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  • iStock/Thinkstock(WASHINGTON) -- The injuries that left one Border Patrol agent dead and another severely injured in Texas remain a mystery, law enforcement sources told ABC News.Authorities are looking into the possibility that this was an accident, the sources added.The investigation stems from the discovery of two Border Patrol agents found at the bottom of a ravine. They were there near midnight responding to a sensor triggered in the area. Due to the lack of concrete evidence in the case, authorities are staying open to the possibility that the two agents may have accidentally slipped off the ravine, leading to them sustaining such serious injuries, the sources said.Fallen Border Patrol agent remembered by lifelong friend as 'good guy' who wanted to 'make a difference'Authorities emphasized that no determination about the cause of the injuries has been made. The FBI is investigating.Earlier today, President Donald Trump said without caveat that the men had been “brutally attacked.”Texas Gov. Greg Abbott called the incident an “attack” and is offering a $20,000 reward for information leading to the arrest of a suspect in what his office described as a “murder.”As of now, sources have told ABC News that the evidence does not support or refute that claim.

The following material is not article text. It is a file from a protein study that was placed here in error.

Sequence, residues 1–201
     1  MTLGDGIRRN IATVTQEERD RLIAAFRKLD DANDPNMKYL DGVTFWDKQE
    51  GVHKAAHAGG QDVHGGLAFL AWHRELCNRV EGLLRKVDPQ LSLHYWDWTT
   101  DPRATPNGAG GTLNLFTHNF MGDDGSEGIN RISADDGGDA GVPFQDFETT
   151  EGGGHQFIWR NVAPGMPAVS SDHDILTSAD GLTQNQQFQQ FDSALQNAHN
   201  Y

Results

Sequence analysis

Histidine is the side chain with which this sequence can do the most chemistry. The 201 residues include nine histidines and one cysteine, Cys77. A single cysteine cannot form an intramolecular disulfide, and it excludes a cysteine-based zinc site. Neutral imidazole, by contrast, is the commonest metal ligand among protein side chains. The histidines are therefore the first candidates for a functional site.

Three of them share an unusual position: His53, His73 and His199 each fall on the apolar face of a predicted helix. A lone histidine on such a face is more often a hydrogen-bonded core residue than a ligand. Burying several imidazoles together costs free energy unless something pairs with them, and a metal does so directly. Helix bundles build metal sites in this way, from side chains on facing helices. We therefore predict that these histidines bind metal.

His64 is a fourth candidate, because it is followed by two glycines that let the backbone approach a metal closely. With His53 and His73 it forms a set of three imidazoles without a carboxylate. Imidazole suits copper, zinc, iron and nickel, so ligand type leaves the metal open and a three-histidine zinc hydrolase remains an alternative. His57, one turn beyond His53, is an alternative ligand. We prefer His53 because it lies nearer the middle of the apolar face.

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  • Obtained by ABC News(CHATTANOOGA, Tenn.) -- Drivers and fire officials were caught off guard early Monday when they responded to a tractor-trailer fire and found not one, but three African elephants.The elephants, which were evacuated from the vehicle, were captured standing along Interstate 24 in Georgia, just across the border from Tennessee.The owners were able to get the elephants out of the attached trailer safely and to the side of the road without any problem. None of the animals were injured in the fire.Battalion Chief Lesley Morgan of the Chattanooga Fire Department described the elephants on Facebook as "HUGE, but well behaved" and said they ate hay by the roadside while officials battled the blaze.Morgan told ABC News that the elephants are privately owned by the couple who were hauling them, who adopted the animals after they were orhpaned as babies. They traveled the countries doing educational shows and were heading to Florida for warmer weather when the vehicle caught fire.The tractor-trailer's engine caught fire while the couple were driving, Morgan said. When they noticed the flames, they pulled to the side of the road and evacuated the anaimals, Morgan added.Tracy Beavers, a Puckett EMS paramedic, captured a photo of the animals standing by the road. She told ABC News no flash was used to take the picture due to concern of spooking the elephants.The owners were able to get another tractor to the location of the fire. From there, the elephants boarded into the trailer and continued on to Sarasota, Florida.